DAMASCUS – Regime airstrikes on a school complex in northwestern Syria killed at least 35 people, including 20 children, the Syria Civil Defense volunteer rescue group said, in what could be one of the deadliest strikes yet on a school in the nation’s five-year war, according to the UN.
The death toll is expected to rise as dozens of others were injured in the Wednesday attacks, said Majd Khalaf, a communications officer with the rescue group, also known as the White Helmets. Another rescuer told the activist-run SMART News Agency that around 50 children were leaving the front door when the strikes hit.
The Syrian Observatory for Human Rights blamed the strikes on the Syrian regime and Russia, but it is generally difficult to distinguish between Syrian and Russian jets.
Russia has been supporting President Bashar al-Assad’s regime with airstrikes since September 2015, and the allies have been widely criticized for targeting civilians, and hospitals and schools in rebel-held areas.
Jets hit the complex and the surrounding area in the village of Hass, in Idlib province, six times and many people remain in critical condition, Rami Abdulrahman, director of the Observatory told CNN. The school had students from the first to ninth grade enrolled, he said.
The White Helmets said that there were three schools in the complex, and shared photos on social media showing buildings reduced to rubble.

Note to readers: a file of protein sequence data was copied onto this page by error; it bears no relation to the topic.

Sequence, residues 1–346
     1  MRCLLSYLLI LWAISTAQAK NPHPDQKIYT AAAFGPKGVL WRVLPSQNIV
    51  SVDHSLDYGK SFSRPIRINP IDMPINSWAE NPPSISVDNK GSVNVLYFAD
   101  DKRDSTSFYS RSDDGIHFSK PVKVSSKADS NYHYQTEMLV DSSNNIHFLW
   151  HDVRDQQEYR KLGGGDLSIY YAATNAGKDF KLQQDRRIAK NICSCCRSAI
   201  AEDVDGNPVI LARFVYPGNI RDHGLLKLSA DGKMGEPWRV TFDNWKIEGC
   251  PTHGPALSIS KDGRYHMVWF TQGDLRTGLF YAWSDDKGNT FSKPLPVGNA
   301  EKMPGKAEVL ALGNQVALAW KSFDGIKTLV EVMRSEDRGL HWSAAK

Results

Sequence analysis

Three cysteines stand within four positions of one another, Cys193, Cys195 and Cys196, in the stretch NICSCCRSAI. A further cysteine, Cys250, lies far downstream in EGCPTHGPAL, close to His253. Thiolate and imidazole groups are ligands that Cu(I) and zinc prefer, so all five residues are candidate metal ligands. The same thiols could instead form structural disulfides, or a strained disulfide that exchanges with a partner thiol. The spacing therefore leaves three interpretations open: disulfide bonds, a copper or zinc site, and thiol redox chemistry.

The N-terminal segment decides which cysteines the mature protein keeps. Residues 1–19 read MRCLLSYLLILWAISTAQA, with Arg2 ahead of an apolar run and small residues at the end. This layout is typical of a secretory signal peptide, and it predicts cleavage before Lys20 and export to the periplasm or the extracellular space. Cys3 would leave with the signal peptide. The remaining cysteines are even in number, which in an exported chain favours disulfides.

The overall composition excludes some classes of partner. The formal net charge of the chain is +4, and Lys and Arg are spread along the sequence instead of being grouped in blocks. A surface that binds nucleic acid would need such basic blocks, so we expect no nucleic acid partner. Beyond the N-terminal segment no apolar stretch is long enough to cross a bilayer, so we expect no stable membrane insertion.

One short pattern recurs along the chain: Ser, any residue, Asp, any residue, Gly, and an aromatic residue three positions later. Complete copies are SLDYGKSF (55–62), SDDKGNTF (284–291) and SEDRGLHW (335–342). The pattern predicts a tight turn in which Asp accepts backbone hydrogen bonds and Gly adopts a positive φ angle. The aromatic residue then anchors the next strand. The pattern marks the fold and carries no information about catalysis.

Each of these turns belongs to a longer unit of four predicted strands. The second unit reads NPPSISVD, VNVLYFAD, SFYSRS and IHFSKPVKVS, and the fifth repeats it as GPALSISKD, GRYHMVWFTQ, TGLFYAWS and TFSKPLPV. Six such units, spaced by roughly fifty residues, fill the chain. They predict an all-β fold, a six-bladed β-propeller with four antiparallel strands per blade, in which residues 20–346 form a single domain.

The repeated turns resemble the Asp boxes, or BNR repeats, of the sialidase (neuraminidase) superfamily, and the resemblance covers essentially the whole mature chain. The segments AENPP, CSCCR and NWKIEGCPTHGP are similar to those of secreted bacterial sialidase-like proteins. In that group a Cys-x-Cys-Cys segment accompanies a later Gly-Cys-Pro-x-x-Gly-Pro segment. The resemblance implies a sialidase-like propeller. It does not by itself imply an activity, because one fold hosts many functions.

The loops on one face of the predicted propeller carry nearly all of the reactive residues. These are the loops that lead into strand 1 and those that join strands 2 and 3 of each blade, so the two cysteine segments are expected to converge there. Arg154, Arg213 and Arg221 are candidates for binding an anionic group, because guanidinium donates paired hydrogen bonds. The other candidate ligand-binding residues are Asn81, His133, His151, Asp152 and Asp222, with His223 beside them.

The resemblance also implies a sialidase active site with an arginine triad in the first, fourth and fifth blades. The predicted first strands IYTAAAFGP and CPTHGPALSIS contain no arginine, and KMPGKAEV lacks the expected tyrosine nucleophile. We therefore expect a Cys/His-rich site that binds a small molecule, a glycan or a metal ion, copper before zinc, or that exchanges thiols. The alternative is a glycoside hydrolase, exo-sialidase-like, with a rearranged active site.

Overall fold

UNICEF, the UN agency for children, said that the strikes may amount to a war crime.
“It’s a tragedy. It’s an outrage. And if deliberate, it’s a war crime” UNICEF executive director Tony Lake said in a statement.
“This latest atrocity may be the deadliest attack on a school since the war began more than five years ago,” he said.
“When will the world’s revulsion at such barbarity be matched by insistence that this must stop?”
The Syrian Civil Defense — a volunteer rescue group also known as the White Helmets — said that there were three schools in the complex, and shared photos on social media showing buildings reduced to rubble.
Many hospitals and schools in Syria have been forced underground to avoid becoming targets of regime and Russian airstrikes, particularly in rebel-held eastern Aleppo.
A UN report in August found “sufficient evidence” that the regime had used chemical weapons on civilians, particularly barrel bombs laden with chlorine gas in Aleppo. The Syrian government and Russia both deny the accusations.
The school strikes come as pressure mounts on the international community to find a solution to the war, even though talks are faltering between the US and Russia, major players in the conflict.